Dilution, variously called D-locus dilution and maltese dilute, as well as several breed-specific names, is probably the most common unacceptable color in Australian Shepherds. A dilute’s color will be slate blue in all the places one would expect black in dogs who are genetically black or blue merle and roughly the color of a Weimeraner or a Chesapeake Bay Retriever in the places
you would expect liver in dogs that are genetically liver (red) or liver (red) merle. There will be no true black or liver spots on a dilute in the coat or on the skin.
Merles can be dilutes. Blue merles will have slate blue dark patches on a lighter blue background amd their noses and other exposed skin will be slate blue. Red merle dilutes have medium-toned dark patches on a pale background with pale liver on the nose and other exposed skin. Given the extreme variation in red pigmentation in “normal” reds and red merles it is possible that a dilute might not be recognized as such. Dilution affects only the areas of the coat that would have been black or liver. Neither tan nor white markings are affected.
The mutation of the MLPH gene which is responsible for dilute color in a number of other breeds is present in the Aussie. It is a recessive, so both parents of a dilute must carry the mutation. There is a DNA test, however not every dilute Aussie has this mutation. Some dilute Australian Shepherds are born dilute but darken as they mature, often to a point that they are indistinguishable from a normally colored dog. Not all dilute Aussies have the MLPH dilution and these dogs are likely among them.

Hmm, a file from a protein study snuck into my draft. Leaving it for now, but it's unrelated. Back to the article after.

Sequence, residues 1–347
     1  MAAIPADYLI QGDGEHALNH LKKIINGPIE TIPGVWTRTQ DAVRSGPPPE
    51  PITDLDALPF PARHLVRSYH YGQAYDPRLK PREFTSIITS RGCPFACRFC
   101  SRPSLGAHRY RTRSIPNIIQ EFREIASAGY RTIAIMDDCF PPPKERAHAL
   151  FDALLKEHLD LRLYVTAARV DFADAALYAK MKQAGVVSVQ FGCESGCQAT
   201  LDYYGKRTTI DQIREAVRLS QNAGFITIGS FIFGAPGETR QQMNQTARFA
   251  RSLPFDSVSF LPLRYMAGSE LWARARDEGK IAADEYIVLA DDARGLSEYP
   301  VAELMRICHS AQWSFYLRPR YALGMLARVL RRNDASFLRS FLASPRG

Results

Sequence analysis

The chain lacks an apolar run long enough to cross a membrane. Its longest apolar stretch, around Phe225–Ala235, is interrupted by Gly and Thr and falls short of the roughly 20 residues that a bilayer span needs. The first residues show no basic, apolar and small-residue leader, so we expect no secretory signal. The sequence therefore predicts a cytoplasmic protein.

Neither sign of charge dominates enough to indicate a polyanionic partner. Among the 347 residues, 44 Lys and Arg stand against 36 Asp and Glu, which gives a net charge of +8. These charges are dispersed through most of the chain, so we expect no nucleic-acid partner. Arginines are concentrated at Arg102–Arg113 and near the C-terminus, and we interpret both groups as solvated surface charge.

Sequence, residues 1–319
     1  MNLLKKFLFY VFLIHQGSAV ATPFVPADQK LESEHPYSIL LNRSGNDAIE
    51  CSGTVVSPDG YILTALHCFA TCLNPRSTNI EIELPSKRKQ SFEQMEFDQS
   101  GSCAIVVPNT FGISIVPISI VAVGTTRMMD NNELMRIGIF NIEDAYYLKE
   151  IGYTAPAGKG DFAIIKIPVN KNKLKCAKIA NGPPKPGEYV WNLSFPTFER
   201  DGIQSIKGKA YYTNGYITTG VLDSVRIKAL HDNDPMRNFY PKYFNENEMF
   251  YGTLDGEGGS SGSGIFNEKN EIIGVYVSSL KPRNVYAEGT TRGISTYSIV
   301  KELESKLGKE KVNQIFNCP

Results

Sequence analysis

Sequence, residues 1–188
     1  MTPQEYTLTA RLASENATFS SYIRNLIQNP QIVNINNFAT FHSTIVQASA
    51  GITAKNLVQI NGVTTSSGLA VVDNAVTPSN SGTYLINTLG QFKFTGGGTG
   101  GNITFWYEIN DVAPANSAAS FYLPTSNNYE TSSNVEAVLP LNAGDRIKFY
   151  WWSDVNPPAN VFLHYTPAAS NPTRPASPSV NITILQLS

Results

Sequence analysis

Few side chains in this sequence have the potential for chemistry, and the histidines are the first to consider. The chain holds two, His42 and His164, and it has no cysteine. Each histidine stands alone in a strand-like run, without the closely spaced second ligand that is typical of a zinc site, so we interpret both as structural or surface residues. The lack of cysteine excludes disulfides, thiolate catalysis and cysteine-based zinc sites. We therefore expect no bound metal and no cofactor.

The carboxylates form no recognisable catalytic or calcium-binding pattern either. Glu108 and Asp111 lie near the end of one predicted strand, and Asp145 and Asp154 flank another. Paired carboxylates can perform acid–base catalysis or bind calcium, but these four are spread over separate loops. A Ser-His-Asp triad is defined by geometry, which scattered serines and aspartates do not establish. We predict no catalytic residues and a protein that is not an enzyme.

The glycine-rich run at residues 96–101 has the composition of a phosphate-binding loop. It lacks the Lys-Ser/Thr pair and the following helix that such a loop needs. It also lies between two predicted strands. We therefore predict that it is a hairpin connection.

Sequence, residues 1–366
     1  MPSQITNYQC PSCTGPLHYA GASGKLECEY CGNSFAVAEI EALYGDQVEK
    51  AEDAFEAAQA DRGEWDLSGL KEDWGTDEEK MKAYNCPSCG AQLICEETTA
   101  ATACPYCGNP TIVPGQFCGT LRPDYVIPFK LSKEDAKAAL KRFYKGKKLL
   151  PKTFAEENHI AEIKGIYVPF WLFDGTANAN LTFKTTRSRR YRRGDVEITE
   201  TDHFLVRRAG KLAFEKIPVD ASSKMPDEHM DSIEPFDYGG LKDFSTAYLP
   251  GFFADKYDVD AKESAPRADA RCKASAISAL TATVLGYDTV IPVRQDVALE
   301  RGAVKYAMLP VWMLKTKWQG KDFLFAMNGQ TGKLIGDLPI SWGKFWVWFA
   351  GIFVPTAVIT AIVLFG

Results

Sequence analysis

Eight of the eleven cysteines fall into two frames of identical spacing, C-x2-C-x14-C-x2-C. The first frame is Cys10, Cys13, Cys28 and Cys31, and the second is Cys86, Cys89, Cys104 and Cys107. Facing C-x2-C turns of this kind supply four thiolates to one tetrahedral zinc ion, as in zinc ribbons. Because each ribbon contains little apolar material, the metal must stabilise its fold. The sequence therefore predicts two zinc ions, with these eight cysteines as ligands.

Dilution spots, isolated areas of dull, rusty color found on merles, are not the same as dilution. Merles that have them tend to produce puppies that have them, so there is probably some degree of inheritance. Researchers currently think this may be due to a variation in the merle gene. Dilution spots are not disallowed, but they are considered faulty.
Tweed Pattern – this multi-shade merle patterning has sometimes been described as “harlequin,” however this is a poor term because it can cause confusion with the genetically distinct harlequin pattern seen in Great Danes. It is described in the scientific literature as “tweed” and
therefore that is what is used here. Tweed was for many years felt to be recessive but it, like dilution spots, may also be due to a variation in merle. The color of tweed merles is clear, not muddy or rusty like dilution spots. It isn’t specifically faulted in the standards but because it is rarely seen in the ring a judge might fault it.